Two more examples:
Matthew Courtney is an NEA Teach Plus fellow and union leader. Seeing a need for high-quality professional development in Kentucky, he divides his time between teaching and running the Bluegrass Center for Teacher Quality.
Finally, Katie Herring is a first-grade teacher on the Rosebud Reservation in South Dakota, which I visited in 2011. She co-led an effort to establish parent universities and to organize parent-student teams that made recommendations for improvement at their school. Reflecting on that experience, she said, “Now that I see how powerful our collective voice can be from inside the classroom, I can’t leave it.”
These teachers — and thousands more like them — are proving that their leadership matters — not just because it’s good for the profession, but also because it helps the children they care about so much. Tennessee, as it raised standards, had the foresight and vision to ask its teachers to lead the effort, rather than high-priced outside consultants. And 700 teachers stepped up to train 30,000 of their colleagues on new, higher standards. The result? Research showed a real payoff, as measured by both observations and student achievement. This is about both strengthening the profession and serving kids better. Tennessee, not coincidentally, is not just getting better — it is the fastest improving state in the nation.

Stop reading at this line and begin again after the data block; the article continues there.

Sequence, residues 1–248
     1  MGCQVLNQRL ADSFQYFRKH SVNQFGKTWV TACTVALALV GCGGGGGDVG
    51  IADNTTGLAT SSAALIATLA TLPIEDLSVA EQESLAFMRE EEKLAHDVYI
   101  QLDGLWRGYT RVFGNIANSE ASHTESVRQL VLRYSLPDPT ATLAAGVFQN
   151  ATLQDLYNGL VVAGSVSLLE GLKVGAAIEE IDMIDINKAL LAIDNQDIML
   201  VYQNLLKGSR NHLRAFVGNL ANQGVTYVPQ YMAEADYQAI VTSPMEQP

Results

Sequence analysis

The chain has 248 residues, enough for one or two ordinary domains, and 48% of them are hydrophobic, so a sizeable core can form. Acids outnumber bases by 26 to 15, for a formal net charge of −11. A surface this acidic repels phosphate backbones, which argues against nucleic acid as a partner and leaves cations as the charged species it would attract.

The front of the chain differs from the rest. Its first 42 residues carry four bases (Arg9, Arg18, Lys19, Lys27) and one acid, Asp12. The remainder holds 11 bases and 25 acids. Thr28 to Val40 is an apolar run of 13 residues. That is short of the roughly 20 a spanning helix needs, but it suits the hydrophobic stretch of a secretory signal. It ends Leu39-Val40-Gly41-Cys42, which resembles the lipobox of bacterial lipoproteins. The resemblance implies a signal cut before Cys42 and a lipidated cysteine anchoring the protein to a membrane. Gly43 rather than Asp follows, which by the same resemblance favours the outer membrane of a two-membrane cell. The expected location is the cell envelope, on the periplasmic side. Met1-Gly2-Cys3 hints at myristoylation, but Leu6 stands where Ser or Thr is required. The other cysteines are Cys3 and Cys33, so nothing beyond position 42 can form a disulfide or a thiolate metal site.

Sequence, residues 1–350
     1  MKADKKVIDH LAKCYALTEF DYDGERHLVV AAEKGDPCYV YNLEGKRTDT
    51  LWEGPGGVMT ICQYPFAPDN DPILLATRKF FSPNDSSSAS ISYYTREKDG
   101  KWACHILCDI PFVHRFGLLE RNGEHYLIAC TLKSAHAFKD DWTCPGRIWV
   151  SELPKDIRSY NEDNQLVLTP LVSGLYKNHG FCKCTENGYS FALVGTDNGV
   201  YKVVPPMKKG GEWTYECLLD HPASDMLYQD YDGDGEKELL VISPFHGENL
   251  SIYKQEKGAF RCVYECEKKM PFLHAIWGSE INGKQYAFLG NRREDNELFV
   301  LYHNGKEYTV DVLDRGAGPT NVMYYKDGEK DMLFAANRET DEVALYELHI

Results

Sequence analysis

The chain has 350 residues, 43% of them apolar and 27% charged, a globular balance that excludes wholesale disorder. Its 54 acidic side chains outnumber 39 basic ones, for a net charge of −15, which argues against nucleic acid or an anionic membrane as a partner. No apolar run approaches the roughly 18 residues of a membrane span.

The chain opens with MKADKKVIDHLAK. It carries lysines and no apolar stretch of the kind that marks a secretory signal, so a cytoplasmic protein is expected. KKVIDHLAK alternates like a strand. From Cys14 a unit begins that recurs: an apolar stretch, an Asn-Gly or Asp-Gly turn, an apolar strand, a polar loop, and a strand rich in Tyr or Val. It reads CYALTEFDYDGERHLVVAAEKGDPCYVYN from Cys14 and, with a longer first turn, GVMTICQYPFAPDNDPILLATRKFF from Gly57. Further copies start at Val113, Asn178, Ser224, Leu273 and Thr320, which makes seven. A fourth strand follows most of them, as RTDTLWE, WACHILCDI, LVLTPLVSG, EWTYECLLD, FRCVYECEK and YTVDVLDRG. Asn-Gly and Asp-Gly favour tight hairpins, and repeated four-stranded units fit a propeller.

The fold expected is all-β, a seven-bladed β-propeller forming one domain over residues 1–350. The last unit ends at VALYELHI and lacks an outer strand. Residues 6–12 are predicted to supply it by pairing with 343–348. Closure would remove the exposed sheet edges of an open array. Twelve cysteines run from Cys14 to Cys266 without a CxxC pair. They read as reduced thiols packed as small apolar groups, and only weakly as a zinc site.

That’s why Ron and I are working together on an initiative called Teach to Lead. Our aim is to encourage schools and districts, and hopefully even states, all over the country to provide more opportunities for genuine, authentic teacher leadership that don't require giving up a daily role in the classroom. And because this only works if superintendents and principals see it as part of the solution, they’ll be involved from the start.
We will convene a group of teachers, principals, state Chiefs, teachers’ groups and district leaders, among others. This group will take the steps necessary not to create white papers to decorate shelves — but to foster real-world commitments on teacher leadership. This group will announce significant commitments from districts, teachers’ groups, and others who want to be part of the solution to make teacher leadership real at scale — using the ample existing body of work on this as a springboard for action. And I want you to hold us accountable at this event, a year from now, for what we've been able to accomplish.
The timeline will be short, but fortunately, our effort builds on years of great work. Thanks to leadership from my friend Dennis van Roekel and NEA’s Teacher Leadership Initiative, thanks to Randi Weingarten and AFT’s Raise the Bar, thanks to the thousands of teachers and principals who helped build our RESPECT effort, and thanks to great work in this area that the National Board has led, we are starting from a position of strength. There are great examples of places where teacher leadership opportunities are already real — from here in D.C. to Iowa to Denver to Charlotte, North Carolina. There are just far too few of them.